How to Blend a Bass Guitar Line - dummies

By Patrick Pfeiffer

Blending a bass line means choosing the notes you play so they support the song perfectly without being overly noticeable. It’s almost like the hidden beams in the ceiling of a modern house — you don’t see them, but if they weren’t there, the roof would collapse.

A bold groove, on the other hand, has a much more obvious role in a tune. It’s more akin to the exposed beams of an old colonial house. They, too, serve to hold up the roof, but they’re obvious and also ornamental; they’re a major part of the aesthetics.

Grooves that blend and grooves that are bold both have their proper place in music, and both are equally respected when they’re used appropriately. Here’s the lowdown on when to use each of them:

  • Blending grooves: You use a blending groove when you’re playing a supportive role in a song, when you’re trying to stay out of the way of the vocals or a melody instrument, or when you’re just not all that familiar with the particular song (or musicians you’re playing with).

    Think of the song “Soul Man.” The bassist plays a perfectly complex yet unobtrusive groove. It blends so well that it’s kind of difficult to think of what exactly the bass is doing.

  • Bold grooves: Playing a bold groove thrusts you into a leadership position; you’re leading the song, and your bass part has a much more authoritative and unyielding quality. This means, of course, that you have to be very familiar with the song.

    The Beatles’ “Come Together” is a perfect example of a bass line that really sticks out, creating a secondary melody to the song. It doesn’t blend in at all.

Check this out to see both blending and bold grooves.

Blending bass grooves

A blending bass groove is a favorite device of session bassists, who may play in hundreds of recording sessions per year. After all, this type of groove is the perfect vehicle to support a song without diverting attention from the melody and words.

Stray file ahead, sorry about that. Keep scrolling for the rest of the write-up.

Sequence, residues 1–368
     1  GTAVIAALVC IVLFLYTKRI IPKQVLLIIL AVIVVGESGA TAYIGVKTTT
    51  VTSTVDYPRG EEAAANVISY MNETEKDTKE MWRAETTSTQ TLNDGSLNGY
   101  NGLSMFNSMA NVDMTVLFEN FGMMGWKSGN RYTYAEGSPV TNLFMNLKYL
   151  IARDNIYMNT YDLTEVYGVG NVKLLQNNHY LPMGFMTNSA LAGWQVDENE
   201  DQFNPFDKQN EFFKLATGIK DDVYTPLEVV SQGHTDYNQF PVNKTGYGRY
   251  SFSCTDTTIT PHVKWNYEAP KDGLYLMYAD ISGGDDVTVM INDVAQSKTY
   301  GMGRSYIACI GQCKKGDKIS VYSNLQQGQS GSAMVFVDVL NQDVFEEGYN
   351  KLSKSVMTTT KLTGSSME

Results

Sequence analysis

You can achieve the desired blending effect as a bass player by keeping your notes low. This means keeping the notes you use to flesh out the groove below the root of the groove skeleton. In other words, after you establish the groove skeleton, play the follow-up notes lower than the root.

See how the notes for the blending groove are positioned. The root of the chord is the highest note and then the groove dips, only to emerge again at the root for the beginning of the next round of the groove.


How to create a bold groove

When you want to capture the ear of your audience, create a bold groove by choosing a sequence of notes that rise. Let your notes soar upward. After you establish the groove skeleton, play the follow-up notes higher than the root (instead of lower).

When you choose to create a bold groove, it’s usually a good idea to settle on a firm, repetitive groove and to pick notes that complement the melody. Your upper notes are much closer to the range of the melody and can easily clash if they aren’t related to the same chord.

Notice that the notes after the groove skeleton are higher. Listen to hear the impact of this groove.


Blend by genre

The choice of using a blending groove versus a bold groove falls squarely on your shoulders as the bass player. You’re the one to choose which kind of groove to go for, but you don’t want to use a groove arbitrarily. You need to follow certain broad guidelines, and as you gain experience, you develop an ear for what’s needed. Both types of grooves work in all genres.

Rock, for example, may call for a blending or a bold groove, depending on the particular style of the tune. For example, a pop style (singer-songwriter) usually needs a blending groove, because the words need to be understood. A progressive rock tune, on the other hand, is much more likely to sport a bold groove. Both styles are part of the rock genre but call for very different groove types.

In other cases, the choice between using a blending versus a bold groove is even more subjective. Take R & B/Soul, for example. Some songs have a busy but blending bass groove, while others have an equally busy but bold groove. As you gain more experience in playing bass, the choice between whether to use a blending or a bold groove becomes easier.

Sign off with a flourish

Putting your own stamp on a groove is just like writing a letter. In a letter, you take care of all the important points you need to cover and then sign it at the end. It’s the same with bass grooves.

A sign-off is usually in contrast to the rest of the grooves in a phrase and signals that a large four- or eight-bar phrase is about to be completed. Some musicians refer to this as a turnaround. This is your flourish, your personal signature. You use this element to alert the other players and the listeners that you’re about to start a new phrase.

You can sometimes tell who the bass player is by listening to his or her signature at the end of a phrase. Jaco Pastorius, for example, signs off very differently than Paul McCartney, and Donald “Duck” Dunn does it quite differently than Pino Palladino.

Go ahead and take some liberties at the end of a phrase; after all, it’s your signature. Just make sure you’re back in time for the beginning of the next phrase.

Listen to some cool sign-offs and or watch sign-offs being implemented at the end of each four-bar phrase. You may also think of the ornamental flourish of your sign-off as a very fancy groove tail.